While we might all be curious about the best plunger or probiotic tampon or cold-sore remedy, it can be difficult to discuss these more personal items. That’s why we’re tackling Things We Don’t Talk About, a series in which we track down the best hygiene-, sex-, and bodily function–related things we all need but might be too embarrassed to ask about. In this installment, we consult experts on the best over-the-counter treatments for psoriasis.
Psoriasis can be a struggle for the 2 percent of the population that has it: It’s not your typical skin disorder, but an autoimmune disease that causes certain areas of skin on the scalp, body, and face to produce new skin cells more rapidly than normal — you’ll know it by the scaly, red patches of skin that can clear up and reappear over time. There’s currently no cure, but there are known triggers: medications like lithium, cold weather, and stress are a few. More severe cases may need phototherapy and prescription-strength steroids, while others may benefit from topical treatments that can moisturize and soothe skin. Here, two psoriasis specialists tell us the latest on the over-the-counter treatments that might help (which we’ve cross-referenced with a list of products endorsed by the National Psoriasis Foundation). We’ve organized this list by active ingredients, which is how dermatologists tackle the problem.
Topping the list are tar-based products — one of the two ingredients that has been FDA-approved as a psoriasis treatment, besides salicylic acid. They’re typically very messy, but they work. “We’ve known they’ve been effective for decades, but only recently have we discovered that tar components bind and activate specific receptors in cells that calm down inflammation (psoriasis is a form of inflammation),” says Steven Feldman, a dermatologist and psoriasis expert who sits on the National Psoriasis Foundation Medical Board. One of the most popular tar products for psoriasis (that’s been recognized by the NPF) is this T/Gel shampoo with a small percentage of coal tar in it.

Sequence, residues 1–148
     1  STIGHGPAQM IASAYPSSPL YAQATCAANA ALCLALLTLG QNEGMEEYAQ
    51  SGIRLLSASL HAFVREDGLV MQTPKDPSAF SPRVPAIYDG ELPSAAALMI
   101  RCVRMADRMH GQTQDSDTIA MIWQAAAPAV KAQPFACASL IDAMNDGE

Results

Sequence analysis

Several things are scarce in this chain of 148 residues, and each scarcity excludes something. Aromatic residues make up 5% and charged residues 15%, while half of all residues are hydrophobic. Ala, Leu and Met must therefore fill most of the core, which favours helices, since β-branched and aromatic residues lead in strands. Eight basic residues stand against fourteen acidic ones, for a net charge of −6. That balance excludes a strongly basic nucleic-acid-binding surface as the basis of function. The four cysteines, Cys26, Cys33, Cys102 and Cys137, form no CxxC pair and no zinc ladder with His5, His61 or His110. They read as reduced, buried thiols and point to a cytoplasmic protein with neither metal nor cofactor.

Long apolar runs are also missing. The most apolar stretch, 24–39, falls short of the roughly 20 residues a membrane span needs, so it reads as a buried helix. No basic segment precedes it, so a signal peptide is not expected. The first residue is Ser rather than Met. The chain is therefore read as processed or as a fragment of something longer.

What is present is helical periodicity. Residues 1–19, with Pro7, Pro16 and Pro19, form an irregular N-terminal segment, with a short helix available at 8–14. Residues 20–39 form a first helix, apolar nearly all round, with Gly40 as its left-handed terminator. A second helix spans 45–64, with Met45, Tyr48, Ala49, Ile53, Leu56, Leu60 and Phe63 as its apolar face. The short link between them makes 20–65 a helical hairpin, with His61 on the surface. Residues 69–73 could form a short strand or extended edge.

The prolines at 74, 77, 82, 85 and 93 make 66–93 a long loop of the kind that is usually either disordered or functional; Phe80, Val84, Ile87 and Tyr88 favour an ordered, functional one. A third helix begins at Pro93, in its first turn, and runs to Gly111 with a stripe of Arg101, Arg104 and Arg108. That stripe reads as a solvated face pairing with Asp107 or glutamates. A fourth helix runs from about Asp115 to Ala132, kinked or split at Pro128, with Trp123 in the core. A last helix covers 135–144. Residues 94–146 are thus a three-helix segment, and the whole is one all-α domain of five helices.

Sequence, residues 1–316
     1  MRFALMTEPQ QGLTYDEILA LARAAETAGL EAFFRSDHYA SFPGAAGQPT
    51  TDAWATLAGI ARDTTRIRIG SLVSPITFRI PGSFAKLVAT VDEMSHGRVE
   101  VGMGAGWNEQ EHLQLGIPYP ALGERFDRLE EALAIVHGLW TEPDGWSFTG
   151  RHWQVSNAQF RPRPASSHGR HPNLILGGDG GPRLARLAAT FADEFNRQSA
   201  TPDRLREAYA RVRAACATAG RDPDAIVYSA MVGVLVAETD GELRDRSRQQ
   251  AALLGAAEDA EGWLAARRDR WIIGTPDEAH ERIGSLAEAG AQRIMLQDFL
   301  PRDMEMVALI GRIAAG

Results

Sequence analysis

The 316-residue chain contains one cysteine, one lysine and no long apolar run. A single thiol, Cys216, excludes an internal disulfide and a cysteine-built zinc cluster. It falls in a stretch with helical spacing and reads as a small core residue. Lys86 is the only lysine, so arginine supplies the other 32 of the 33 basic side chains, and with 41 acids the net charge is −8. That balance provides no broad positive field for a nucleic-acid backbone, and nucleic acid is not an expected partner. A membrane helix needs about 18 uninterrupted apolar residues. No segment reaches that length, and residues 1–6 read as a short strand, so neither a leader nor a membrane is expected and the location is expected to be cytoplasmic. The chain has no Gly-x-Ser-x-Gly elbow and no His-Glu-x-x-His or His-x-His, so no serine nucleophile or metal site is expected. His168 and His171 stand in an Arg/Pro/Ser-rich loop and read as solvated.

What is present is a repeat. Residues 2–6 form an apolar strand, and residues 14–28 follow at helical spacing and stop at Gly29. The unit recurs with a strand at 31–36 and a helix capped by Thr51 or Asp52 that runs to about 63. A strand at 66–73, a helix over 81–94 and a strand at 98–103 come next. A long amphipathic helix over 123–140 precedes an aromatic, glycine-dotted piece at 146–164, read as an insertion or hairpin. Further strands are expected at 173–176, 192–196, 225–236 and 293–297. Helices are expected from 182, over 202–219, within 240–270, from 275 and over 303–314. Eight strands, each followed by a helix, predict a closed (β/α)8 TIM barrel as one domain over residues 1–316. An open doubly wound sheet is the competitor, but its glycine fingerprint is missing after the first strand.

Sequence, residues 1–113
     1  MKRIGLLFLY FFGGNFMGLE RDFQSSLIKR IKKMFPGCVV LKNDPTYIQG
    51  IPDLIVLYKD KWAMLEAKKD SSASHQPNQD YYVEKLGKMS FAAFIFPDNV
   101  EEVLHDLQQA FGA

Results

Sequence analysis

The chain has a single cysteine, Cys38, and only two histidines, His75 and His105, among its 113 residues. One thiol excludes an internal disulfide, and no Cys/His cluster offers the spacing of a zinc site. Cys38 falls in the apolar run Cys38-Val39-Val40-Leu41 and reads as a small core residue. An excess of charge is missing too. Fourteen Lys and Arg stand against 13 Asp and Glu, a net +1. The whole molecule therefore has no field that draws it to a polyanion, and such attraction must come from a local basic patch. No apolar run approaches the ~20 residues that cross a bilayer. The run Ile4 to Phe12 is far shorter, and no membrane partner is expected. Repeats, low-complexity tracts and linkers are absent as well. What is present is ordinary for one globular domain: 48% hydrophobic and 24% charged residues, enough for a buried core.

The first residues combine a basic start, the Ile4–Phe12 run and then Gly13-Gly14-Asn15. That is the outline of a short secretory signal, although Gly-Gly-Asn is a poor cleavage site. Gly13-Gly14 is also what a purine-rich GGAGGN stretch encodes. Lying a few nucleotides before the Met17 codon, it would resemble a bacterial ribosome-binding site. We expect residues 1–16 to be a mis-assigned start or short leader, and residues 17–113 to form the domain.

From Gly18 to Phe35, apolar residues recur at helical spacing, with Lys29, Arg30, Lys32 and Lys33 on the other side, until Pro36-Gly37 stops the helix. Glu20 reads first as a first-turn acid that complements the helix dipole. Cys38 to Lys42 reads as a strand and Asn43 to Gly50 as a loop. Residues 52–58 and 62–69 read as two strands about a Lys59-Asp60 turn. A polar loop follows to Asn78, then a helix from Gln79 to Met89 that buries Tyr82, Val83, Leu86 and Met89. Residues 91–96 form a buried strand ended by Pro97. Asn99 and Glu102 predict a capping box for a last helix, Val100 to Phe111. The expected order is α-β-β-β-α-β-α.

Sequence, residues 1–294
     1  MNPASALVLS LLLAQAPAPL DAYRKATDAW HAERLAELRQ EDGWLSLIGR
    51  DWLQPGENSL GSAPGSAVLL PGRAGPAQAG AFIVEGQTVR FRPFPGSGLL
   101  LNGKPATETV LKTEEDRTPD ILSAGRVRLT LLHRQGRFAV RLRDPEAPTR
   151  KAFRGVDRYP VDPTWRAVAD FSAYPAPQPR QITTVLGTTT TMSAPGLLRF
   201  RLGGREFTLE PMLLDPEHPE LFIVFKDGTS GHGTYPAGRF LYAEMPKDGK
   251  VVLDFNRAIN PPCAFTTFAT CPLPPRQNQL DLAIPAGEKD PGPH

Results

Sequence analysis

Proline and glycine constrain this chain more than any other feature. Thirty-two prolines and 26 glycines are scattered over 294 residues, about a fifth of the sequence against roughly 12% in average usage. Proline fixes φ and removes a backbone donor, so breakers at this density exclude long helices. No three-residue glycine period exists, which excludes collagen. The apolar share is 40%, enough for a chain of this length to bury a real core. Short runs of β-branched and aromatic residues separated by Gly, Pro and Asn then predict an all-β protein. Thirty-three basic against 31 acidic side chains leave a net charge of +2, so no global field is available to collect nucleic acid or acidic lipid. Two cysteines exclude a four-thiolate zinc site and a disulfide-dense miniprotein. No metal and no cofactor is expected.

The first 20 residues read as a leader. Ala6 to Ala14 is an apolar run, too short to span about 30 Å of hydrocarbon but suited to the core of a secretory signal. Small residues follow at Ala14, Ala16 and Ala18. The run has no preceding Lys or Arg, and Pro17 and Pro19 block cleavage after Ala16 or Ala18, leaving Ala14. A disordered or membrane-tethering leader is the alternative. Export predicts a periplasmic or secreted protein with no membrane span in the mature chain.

But generally, the higher the concentration of tar, the more potent, says dermatologist Mark Lebwohl, a preeminent psoriasis expert who is chairman of the National Psoriasis Foundation Medical Board and chair of the Department of Dermatology for the Mount Sinai Health System. This shampoo contains 5 percent coal tar — the highest amount that’s FDA approved to be safe for psoriasis.
If you have psoriasis on your body, there are even medicated tar ointments out there that are specifically catered to relieving itching and flaking, like this MG217 product that reviewers call a “miracle product” for psoriasis. If you’re applying it on the body, though, keep in mind that it can stain clothing, linens, and even hair if you’re not careful.
Lebwohl points out that there’s a new range of moisturizers out there that have salicylic acid in them as an active ingredient, another FDA-approved psoriasis treatment. In fact, almost all of the moisturizers currently recognized by the National Psoriasis Foundation contain a percentage of the exfoliant because they work as keratolytics, or “scale lifters,” to remove the buildup of scales or plaques on the body. “It’s not going to do well for severe disease, but is quite beneficial for mild cases,” Lebwohl says.
Even salicylic-acid shampoos can be helpful for exfoliation if you have a buildup of flakes on your scalp, like this Neutrogena T/Sal shampoo that’s on the NPF’s list of psoriasis products.
Besides tar and salicylic acid, the ingredient that Lebwohl recommends the most is zinc pyrithione (which is found in dandruff shampoos like Head & Shoulders, or concentrated versions like the one below). It has antibacterial properties, and beyond dandruff, it is often used for treating seborrhoeic dermatitis.
And while strong prescription-strength cortisone medications are going to be much more effective at reducing inflammation, milder versions with one percent hydrocortisone can be helpful (“especially for psoriasis on sensitive areas like the face or genitals,” says Feldman). Hydrocortisone ointment, rather than a cream, is preferred by experts because it’s thicker, though some may find it too greasy.
Because keeping skin moisturized can neutralize redness and itching, a thicker cream or ointment with ample ceramides to restore the skin barrier (even a greasier Vaseline) can come in handy, too — the NPF recommends looking for fragrance-free products. Something with a ceramide complex like this Curél moisturizer would be a safe option: It’s another product recognized by the NPF that doesn’t contain any fragrance.
Another ingredient that often comes up anecdotally among psoriasis sufferers is tea-tree oil for easing redness and itch. “The National Psoriasis Foundation has a bulletin that goes out to patients and there are countless letters from patients that say it works for them,” says Lebwohl. He adds that the oil has never been shown to work in clinical studies, though “if it works for someone, they should use it.”
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